Riot Club, The (Blu-ray) (2014)
Interviews-Cast & Crew
Trailer-Madman Propaganda x 4
|Year Of Production||2014|
|RSDL / Flipper||Dual Layered||Cast & Crew|
|Region Coding||4||Directed By||Lone Scherfig|
Jessica Brown Finlay
|Pan & Scan/Full Frame||None||English DTS HD Master Audio 5.1|
|Widescreen Aspect Ratio||2.35:1|
|Original Aspect Ratio||2.35:1||Miscellaneous|
|Annoying Product Placement||No|
|Action In or After Credits||No|
Miles (Max Irons) and Alistair (Sam Claflin) are two freshmen students at Oxford University and they meet when they arrive for the start of their first academic year. Both are from the wealthy and privileged class and Alistair is following in the footsteps of his elder brother. In his first days Miles meets Lauren (Halliday Granger), an intelligent, down to earth girl who is not from the aristocracy and they become friends and lovers.
At Oxford The Riot Club has existed for centuries: it is an exclusive drinking club open to only the most privileged of the privileged and past members have risen to the highest ranks of the government and judiciary. Each year the club has only ten members, by invitation only, and through their connections both Miles and Alistair are invited to join and they undergo the pranks and initiation rituals in order to belong. Lauren cautions Miles that “these people are not your friends” but Miles is keen. Each year The Riot Club holds a special dinner where, as older member Hugo (Sam Reid) notes, “debauchery is raised to an art”. Because of previous damage and misdemeanours the club has been banned from all places around Oxford so this year they have booked a room at an unsuspecting rural pub. There, in the course of the night, alcohol, drugs and testosterone mixed together create a potent cocktail where pranks turn to violence, and the club members turn on their own.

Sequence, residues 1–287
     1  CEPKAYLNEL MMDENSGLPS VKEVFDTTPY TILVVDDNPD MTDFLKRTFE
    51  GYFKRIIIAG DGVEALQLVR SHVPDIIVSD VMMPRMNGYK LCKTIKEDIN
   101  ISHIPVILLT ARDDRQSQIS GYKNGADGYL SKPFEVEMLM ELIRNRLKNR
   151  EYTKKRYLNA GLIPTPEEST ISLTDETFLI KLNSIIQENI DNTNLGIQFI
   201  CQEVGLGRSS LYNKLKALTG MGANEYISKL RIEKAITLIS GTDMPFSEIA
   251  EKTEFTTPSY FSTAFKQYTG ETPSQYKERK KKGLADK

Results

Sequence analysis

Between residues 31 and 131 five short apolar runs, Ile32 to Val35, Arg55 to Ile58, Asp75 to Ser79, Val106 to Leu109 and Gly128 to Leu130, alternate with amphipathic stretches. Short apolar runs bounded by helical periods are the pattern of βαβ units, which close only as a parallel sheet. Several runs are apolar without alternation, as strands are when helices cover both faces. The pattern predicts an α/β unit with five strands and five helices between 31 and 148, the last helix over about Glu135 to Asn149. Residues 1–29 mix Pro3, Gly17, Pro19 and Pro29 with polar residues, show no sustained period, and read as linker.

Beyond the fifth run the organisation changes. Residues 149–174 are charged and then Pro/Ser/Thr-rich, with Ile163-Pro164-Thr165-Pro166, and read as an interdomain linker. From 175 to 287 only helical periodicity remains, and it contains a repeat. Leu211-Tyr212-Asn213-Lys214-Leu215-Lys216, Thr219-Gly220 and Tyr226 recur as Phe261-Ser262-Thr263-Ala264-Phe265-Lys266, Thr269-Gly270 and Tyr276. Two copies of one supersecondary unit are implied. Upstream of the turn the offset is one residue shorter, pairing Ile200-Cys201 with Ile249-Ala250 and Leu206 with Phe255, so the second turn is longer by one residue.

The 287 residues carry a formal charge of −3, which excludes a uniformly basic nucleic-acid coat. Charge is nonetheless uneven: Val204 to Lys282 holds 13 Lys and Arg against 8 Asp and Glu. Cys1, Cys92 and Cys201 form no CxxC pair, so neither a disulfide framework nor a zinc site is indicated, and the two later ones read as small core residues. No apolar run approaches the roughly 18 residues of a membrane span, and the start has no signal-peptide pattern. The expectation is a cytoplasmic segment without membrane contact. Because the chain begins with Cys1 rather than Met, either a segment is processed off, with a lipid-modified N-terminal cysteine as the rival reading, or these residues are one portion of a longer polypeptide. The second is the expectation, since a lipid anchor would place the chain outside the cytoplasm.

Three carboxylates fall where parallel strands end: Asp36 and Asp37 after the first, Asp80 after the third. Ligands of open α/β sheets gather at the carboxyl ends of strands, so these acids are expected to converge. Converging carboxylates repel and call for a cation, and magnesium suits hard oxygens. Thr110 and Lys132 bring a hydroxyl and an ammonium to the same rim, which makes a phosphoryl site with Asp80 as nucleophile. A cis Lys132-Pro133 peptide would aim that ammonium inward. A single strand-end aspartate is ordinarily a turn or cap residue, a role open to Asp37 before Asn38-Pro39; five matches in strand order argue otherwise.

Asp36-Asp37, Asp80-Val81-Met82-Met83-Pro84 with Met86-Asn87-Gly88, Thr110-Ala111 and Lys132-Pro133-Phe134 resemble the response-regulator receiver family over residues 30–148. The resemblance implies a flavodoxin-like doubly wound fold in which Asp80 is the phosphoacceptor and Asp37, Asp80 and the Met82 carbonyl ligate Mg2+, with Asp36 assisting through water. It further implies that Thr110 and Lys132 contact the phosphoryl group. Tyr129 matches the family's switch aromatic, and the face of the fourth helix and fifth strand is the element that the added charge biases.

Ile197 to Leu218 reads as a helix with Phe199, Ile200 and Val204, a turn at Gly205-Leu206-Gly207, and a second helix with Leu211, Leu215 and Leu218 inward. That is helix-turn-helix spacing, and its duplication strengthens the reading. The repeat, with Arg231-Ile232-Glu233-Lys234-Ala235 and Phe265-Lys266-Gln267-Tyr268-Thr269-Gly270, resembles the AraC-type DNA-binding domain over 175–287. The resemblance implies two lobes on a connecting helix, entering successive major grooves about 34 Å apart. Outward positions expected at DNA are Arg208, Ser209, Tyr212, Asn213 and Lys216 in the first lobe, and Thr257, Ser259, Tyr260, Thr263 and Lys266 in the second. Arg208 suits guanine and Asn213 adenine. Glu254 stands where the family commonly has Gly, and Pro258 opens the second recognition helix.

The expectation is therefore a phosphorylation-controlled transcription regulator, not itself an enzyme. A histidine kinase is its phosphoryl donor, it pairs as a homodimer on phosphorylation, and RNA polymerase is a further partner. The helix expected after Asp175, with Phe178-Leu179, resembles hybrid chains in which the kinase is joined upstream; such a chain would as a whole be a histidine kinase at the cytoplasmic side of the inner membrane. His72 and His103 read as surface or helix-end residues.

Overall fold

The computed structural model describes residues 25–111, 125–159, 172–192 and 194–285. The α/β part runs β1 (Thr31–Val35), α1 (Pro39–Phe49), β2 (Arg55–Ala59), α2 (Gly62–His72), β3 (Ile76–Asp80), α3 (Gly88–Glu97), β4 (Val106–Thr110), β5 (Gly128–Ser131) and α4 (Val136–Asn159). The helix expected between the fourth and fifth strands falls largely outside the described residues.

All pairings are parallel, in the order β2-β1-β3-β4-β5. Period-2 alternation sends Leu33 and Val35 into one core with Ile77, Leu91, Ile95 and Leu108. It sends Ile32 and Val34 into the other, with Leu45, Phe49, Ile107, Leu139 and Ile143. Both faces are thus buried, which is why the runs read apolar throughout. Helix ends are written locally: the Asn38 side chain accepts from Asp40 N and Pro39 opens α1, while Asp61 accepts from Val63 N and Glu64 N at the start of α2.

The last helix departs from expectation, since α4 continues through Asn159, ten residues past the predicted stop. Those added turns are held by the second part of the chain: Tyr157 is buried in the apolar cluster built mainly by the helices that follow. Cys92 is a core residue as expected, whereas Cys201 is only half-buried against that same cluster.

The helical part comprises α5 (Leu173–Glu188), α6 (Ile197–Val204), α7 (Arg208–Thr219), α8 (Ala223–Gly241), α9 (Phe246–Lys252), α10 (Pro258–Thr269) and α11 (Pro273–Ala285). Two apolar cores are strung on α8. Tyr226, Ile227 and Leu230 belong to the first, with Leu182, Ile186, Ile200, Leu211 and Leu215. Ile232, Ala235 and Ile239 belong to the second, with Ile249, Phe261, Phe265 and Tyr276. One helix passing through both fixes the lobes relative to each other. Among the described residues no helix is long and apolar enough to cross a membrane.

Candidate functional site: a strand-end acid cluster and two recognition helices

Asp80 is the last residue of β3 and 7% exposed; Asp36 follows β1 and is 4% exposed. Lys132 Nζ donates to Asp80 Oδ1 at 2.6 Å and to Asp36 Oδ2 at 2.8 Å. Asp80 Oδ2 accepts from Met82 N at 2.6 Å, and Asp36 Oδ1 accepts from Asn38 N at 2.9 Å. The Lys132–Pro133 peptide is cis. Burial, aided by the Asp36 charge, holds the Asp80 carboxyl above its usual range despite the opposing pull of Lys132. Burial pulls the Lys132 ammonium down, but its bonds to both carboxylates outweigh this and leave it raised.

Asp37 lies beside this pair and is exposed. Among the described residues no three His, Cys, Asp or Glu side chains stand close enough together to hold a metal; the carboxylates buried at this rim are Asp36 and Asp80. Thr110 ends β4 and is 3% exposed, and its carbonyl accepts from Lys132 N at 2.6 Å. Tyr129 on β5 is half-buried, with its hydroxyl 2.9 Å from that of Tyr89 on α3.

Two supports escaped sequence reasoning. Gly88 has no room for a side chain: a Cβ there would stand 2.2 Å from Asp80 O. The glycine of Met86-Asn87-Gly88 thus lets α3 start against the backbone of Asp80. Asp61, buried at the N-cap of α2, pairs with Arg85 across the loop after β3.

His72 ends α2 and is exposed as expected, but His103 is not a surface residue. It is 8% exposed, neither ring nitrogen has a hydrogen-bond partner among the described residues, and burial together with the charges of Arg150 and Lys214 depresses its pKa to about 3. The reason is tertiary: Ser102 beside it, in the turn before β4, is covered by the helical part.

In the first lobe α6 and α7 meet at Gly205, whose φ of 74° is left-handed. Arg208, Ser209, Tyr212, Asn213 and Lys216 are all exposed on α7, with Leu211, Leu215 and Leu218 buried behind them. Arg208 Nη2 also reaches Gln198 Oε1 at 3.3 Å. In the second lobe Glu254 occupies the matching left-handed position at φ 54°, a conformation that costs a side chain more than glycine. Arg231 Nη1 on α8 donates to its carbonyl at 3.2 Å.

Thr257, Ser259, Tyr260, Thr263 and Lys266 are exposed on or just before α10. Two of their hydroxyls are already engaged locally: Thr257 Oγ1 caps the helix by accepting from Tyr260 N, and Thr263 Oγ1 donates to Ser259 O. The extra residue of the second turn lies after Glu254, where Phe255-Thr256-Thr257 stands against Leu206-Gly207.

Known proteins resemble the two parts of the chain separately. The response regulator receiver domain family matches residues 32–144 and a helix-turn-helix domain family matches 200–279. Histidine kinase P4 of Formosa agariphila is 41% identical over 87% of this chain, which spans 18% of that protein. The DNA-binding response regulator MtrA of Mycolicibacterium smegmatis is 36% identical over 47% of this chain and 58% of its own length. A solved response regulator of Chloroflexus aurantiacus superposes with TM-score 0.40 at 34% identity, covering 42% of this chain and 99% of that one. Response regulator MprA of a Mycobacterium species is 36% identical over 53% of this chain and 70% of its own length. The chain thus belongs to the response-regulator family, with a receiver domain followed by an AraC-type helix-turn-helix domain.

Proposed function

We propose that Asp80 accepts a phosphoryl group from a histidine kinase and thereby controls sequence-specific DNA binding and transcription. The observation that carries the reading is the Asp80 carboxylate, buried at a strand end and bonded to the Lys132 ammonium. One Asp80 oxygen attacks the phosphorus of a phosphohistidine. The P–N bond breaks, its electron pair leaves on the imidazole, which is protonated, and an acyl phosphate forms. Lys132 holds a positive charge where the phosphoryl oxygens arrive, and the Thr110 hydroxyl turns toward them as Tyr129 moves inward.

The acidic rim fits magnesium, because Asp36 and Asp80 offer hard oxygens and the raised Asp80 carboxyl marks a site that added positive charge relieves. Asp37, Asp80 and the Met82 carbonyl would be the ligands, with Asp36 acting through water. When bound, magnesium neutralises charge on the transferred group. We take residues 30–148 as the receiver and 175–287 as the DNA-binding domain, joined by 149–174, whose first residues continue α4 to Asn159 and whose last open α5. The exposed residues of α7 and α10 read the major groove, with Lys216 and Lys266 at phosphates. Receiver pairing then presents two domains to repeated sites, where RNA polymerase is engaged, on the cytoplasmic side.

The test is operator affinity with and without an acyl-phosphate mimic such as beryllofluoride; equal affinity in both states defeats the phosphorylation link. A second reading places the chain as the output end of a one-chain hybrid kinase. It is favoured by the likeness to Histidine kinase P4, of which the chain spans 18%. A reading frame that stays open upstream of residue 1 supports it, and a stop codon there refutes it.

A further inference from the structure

The Riot Club is written by Laura Wade, who expanded her own play Posh which premiered in 2010. It is a very English story and is apparently based upon a drinking club at Oxford which boasted David Cameron as one of its members. Surprisingly, this story about English class and privilege was directed by Dane Lone Scherfig who won a Golden Bear at Berlin in 2001 for Italian for Beginners; in her interview on this Blu-ray she admits that she was fascinated by the British class system so she obviously found something appealing about the story. I suppose some do find fascination in watching hedonistic, spoiled, indulged, filthy rich English adolescents getting drunk, acting badly and smashing up a pub, safe in the knowledge that the establishment and their money will protect them and cover up their appalling behaviour. It is true that the film does not quite condone their behaviour, but it still seems to be intrigued by these examples of the English upper classes; none of them really are punished and only a pub owner, trying to run a business, is hurt physically and financially. The Establishment in the UK clearly lives on and maintains its privileges.